Tess of the D'Urbervilles
by Thomas Hardy
Tess of the D'Urbervilles Phase I: "The Maiden," Chapter Nine Summary
- The chapter opens with a description of the poultry farm at The Slopes where Tess is going to work.
- The poultry house is an old cottage where tenant farmers (folks who paid the lord of the manor yearly rent for the privilege of eking out a living by farming) used to live. But now it's all overrun with chickens.
- Tess begins to tidy the place up, when a maid comes in and tells her that Mrs. D'Urberville "wants the fowls as usual" (9.4).
- Apparently, Mrs. D'Urberville is a blind old lady, and likes to inspect the chickens individually each day by feeling them with her hands.
- So Tess and the maid bring the chickens and roosters to her, one at a time, and allow her to inspect them.
- Mrs. D'Urberville then "inspects" Tess herself – and unexpectedly asks if she can whistle.
- Whistling wasn't considered all that "ladylike" at this point in time, but Tess admits that she knows how.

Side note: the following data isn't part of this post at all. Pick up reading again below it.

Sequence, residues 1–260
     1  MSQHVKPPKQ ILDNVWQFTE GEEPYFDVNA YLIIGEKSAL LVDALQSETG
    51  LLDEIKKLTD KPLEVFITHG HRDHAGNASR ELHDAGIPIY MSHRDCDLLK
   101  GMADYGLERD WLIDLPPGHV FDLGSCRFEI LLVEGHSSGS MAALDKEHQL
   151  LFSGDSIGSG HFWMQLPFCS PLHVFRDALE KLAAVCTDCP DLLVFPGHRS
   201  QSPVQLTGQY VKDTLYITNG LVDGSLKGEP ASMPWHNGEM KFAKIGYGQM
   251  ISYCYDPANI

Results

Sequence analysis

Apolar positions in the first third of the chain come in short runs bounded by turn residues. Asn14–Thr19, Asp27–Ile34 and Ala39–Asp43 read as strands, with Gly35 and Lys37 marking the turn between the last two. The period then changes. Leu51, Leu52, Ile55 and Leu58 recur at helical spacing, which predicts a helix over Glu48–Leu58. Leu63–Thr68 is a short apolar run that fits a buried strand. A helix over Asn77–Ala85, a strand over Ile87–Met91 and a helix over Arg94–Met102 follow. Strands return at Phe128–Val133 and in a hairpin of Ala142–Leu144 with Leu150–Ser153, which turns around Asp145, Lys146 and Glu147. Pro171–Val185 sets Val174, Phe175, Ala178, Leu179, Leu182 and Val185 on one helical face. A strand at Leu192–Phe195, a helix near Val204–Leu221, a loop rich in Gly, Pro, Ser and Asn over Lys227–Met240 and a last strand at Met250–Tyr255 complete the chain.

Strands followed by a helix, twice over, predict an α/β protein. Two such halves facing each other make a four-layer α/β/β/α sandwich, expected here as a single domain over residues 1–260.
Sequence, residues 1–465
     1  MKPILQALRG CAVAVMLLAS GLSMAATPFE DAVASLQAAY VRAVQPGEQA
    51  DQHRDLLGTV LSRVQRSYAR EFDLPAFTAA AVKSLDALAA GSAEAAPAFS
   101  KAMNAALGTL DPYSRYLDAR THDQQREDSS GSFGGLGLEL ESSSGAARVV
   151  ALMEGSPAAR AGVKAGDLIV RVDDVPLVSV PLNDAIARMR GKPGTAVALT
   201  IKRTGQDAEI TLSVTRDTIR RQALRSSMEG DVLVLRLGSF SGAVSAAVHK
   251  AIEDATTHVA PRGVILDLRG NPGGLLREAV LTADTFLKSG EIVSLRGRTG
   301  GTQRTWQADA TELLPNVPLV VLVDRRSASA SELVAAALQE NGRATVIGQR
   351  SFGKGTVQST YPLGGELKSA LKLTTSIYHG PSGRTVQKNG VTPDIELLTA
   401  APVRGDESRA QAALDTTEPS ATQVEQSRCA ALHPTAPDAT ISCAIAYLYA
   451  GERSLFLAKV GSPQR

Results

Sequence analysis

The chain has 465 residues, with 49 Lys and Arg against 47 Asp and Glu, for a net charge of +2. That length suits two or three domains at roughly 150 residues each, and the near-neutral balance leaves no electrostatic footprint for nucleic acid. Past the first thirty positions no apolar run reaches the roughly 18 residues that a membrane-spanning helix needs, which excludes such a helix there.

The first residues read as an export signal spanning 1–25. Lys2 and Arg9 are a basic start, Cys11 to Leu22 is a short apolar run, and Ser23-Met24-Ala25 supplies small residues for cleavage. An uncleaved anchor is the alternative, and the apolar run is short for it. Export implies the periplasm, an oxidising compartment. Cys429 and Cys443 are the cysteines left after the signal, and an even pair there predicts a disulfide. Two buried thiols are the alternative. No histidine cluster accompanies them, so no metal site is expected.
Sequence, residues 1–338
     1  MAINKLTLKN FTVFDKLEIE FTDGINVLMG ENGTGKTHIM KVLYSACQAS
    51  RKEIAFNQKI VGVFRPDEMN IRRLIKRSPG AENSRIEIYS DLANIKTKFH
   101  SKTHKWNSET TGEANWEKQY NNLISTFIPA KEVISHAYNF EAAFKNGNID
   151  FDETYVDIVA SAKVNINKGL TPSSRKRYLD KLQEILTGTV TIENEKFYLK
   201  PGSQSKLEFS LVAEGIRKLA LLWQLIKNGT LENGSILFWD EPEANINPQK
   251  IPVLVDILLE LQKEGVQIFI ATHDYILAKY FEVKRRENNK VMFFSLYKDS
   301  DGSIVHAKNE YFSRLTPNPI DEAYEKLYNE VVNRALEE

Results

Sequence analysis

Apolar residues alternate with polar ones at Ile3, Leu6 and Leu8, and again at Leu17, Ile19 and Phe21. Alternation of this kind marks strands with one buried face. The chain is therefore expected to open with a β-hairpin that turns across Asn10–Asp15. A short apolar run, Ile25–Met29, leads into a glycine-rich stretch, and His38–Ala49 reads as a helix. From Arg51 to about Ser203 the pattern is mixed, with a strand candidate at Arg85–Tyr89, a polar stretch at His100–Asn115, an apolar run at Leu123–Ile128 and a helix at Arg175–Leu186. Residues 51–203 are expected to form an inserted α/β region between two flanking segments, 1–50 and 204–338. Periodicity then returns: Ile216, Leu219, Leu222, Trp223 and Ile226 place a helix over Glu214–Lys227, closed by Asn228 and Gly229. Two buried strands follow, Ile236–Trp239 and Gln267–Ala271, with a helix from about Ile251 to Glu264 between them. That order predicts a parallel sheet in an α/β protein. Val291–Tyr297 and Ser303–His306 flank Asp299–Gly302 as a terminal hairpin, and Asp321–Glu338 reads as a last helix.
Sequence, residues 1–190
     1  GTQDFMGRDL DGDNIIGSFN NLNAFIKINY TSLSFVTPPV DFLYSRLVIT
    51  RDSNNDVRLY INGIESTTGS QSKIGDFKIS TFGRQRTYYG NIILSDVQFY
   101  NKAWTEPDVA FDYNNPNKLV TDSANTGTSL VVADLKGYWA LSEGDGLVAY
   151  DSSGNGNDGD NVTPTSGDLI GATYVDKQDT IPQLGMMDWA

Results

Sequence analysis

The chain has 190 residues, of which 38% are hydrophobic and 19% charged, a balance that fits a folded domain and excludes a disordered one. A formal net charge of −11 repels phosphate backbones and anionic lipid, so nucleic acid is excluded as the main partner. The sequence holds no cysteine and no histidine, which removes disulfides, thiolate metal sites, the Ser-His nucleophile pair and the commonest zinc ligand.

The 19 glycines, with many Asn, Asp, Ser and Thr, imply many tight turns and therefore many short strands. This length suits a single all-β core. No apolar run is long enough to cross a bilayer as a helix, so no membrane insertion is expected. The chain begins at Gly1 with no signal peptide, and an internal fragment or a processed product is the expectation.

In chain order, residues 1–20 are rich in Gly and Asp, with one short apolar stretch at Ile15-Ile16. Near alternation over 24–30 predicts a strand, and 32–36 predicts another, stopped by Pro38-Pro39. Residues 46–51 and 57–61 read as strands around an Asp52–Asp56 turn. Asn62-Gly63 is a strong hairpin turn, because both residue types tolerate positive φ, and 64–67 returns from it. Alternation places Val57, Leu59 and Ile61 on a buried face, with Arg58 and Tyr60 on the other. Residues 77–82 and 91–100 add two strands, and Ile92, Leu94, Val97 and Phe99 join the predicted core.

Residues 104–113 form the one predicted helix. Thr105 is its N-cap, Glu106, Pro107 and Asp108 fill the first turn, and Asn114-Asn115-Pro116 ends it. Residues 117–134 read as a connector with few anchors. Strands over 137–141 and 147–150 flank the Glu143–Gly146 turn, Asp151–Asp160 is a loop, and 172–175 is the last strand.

- Mrs. D'Urberville wants Tess to whistle tunes to her pet finches. Because she can't see them, she likes to hear them tweet, and they learn tunes if someone's there to whistle to them.
- Tess goes back to the poultry farm and practices whistling alone.
- She hasn't tried in so long, she's having a hard time remembering.
- Suddenly she realizes she's not alone – Alec is watching her pucker up her lips through the fence.
- She's embarrassed.
- Alec offers to show her how it's done, and after a few tries she gets it again.
- So Tess starts whistling to the birds every day, and Alec continues to hang out near her and flirt with her, until she gradually gets used to his company. Although she still doesn't love him, she doesn't mind him as much.
- One day, as she's whistling to the finches in Mrs. D'Urberville's room, she notices Alec's feet sticking out at the bottom of Mrs. D'Urberville's canopied four-poster bed.
- Tess starts checking the bed every morning before starting her whistling routine, but apparently Alec has given up the idea of "ambush[ing]" her in that way.
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